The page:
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UA's National Institute for Civil Discourse provides advice for manuevering post-election political discussion

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Rebecca Noble and Rebecca Noble and Rebecca Noble | The Daily Wildcat Presidential nominees Hillary Clinton (left) and Donald Trump (right) at their rallies in Arizona leading up to election day.

 Americans dislike uncivil political rhetoric, though the recent presidential election would seem to suggest otherwise. 

A 2011 survey from the National Institute for Civil Discourse showed 82 percent of Americans agreed with the statement, “some negative advertisements are so nasty I stop paying attention to what the candidates are saying.”

That overall feeling likely hasn’t changed much, according to Carolyn Lukensmeyer, NICD executive director, though this election did tap into “very deep and very raw” personal feelings.

“We’ve never seen, in modern American political history, a presidential election that was this bitterly contested—that got this ugly in terms of the rhetoric,” Lukensmeyer said. “Whichever candidate would have won, we would’ve been in a situation where neighbors weren’t talking with each other.”

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Chris Segrin, UA communication department head, agreed this was new territory for political rhetoric.

“We’re in a new era of political discourse,” Segrin said. “People are much more willing to speak openly and not edit themselves. Historically, people were more measured. They had a sense of decorum and were respectful.”

That lack of respect isn’t limited to politicians but applies to celebrities and other public figures, too. Segrin pointed to the way Kanye West recently went into a political rant onstage at a concert.

“I felt so bad for the people who payed $100 to hear music, to hear his concert, and got a rant,” Segrin said. “There’s not as much consideration for how your words will make others feel anymore.”

Both Segrin and Lukensmeyer urged people to repair relationships that have been damaged by the election.

“The first step is asking yourself, ‘Who’s one person in my life that, due to the election, I closed out? Who was that person in my life before the election?’ ” Lukensmeyer said.

The next step is to sit down and have a conversation with that person. Lukensmeyer suggested starting with why the person is important.

“The next part is a bit more challenging,” Lukensmeyer said. “We suggest each of you just listen to each other. Ask ‘Can you explain this to me?’ Your job is just to listen. Ask only clarifying questions.”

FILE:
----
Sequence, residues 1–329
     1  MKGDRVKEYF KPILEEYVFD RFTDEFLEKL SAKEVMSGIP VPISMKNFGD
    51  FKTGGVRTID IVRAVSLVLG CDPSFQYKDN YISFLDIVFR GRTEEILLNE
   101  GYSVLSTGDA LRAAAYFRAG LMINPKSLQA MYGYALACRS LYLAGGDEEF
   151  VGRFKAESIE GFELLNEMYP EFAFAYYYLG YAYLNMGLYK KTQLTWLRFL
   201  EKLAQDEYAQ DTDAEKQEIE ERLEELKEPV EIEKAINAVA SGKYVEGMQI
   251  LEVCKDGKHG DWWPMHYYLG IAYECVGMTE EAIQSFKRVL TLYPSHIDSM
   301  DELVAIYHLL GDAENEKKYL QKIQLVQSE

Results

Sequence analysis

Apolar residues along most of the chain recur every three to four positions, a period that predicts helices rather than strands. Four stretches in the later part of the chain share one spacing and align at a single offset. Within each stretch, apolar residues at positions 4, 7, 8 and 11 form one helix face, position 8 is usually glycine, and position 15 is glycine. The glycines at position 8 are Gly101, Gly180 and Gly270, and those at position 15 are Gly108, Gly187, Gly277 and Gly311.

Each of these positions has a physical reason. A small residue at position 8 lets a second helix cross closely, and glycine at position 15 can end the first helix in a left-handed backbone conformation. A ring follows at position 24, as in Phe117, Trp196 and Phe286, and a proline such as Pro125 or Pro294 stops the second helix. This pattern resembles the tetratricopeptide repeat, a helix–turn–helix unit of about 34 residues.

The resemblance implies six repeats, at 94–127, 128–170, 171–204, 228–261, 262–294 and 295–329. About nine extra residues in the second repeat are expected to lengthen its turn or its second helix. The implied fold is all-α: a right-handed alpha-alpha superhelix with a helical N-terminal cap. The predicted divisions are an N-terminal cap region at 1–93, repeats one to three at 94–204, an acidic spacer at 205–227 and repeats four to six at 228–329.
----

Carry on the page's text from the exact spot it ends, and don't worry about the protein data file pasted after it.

If emotions start to run high, take a break. Lukensmeyer said the goal is to leave the conversation with an understanding of why each person voted how they did.

“Each person will learn something about the other person’s understanding of the time, of the candidate and of the future they want,” Lukensmeyer said. “If you can do that with one person after this rough-and-tumble election, it’s a huge step.”

Segrin emphasized the importance of explaining your reasoning and, above all else, remaining respectful.

“If you disagree but explain why, people won’t feel disrespected,” Segrin said. “If you can keep the focus on the topic, you can have a meaningful conversation. Find areas of common interest.”

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The NICD will launch a program to help start these conversations called “Text Talk Revive Civility.” Participants can text the word ‘civility’ to 89800 and the phone will facilitate conversations, providing prompts and tips.

“There needs to be serious internal reflection and cleaning house,” Lukensmeyer said. “The rhetoric of this campaign wasn’t good for the parties; it wasn’t good for Americans’ respect for politics, which was already low.”

Lukensmeyer said not only do individuals need to have these conversations, but political parties need to as well.

“It’s our constitutional responsibility to rebuild the trust between the government and the people,” she said. “It can’t wait until the next election.”

Both Lukensmeyer and Segrin said younger generations are instrumental in the future of political rhetoric.

“Young people in this country have a unique role to play in resetting our moral compass,” Lukensmeyer said. “Your voices are important.”

Segrin pointed specifically to the way young people have been mobilizing to protest and said those voices are providing a check and balance system to the incivility.

“Younger generations tend to be more active and mobile,” Segrin said. “Young people are going out there in groups and are more likely to be taken seriously that way. They have the power of numbers.”


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